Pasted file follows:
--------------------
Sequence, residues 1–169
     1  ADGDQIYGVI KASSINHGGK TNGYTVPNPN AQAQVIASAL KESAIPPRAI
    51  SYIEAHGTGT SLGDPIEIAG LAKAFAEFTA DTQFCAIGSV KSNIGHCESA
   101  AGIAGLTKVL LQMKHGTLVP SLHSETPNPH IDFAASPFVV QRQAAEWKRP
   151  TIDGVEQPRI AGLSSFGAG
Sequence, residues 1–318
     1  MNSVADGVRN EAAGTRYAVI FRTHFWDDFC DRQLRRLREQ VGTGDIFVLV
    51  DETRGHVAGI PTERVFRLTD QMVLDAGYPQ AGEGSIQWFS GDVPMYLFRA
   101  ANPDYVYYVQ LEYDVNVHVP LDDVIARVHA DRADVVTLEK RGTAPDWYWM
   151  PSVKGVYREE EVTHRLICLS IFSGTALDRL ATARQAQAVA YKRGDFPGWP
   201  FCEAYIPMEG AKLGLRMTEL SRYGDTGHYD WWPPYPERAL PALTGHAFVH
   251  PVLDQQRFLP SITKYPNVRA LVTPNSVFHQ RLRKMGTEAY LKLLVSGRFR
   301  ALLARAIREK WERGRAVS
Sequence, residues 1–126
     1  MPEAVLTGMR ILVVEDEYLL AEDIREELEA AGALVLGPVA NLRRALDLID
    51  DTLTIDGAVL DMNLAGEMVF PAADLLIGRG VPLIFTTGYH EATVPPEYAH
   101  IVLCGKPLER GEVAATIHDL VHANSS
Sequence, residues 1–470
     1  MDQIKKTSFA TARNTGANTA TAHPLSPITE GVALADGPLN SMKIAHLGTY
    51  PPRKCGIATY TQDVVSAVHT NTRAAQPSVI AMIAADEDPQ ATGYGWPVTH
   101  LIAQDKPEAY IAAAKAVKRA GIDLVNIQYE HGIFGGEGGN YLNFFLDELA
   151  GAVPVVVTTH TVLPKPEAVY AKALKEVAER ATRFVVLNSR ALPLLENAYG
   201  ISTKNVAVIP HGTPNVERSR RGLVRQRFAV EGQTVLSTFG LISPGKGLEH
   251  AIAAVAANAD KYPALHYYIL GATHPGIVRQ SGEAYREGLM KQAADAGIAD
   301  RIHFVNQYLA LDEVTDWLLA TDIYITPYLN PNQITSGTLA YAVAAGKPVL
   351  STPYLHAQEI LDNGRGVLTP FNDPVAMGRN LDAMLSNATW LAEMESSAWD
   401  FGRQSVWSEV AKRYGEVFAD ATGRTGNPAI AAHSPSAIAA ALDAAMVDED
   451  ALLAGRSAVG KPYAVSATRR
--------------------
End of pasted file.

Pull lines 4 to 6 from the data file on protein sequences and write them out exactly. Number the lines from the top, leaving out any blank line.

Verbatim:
   101  AGIAGLTKVL LQMKHGTLVP SLHSETPNPH IDFAASPFVV QRQAAEWKRP
   151  TIDGVEQPRI AGLSSFGAG
Sequence, residues 1–318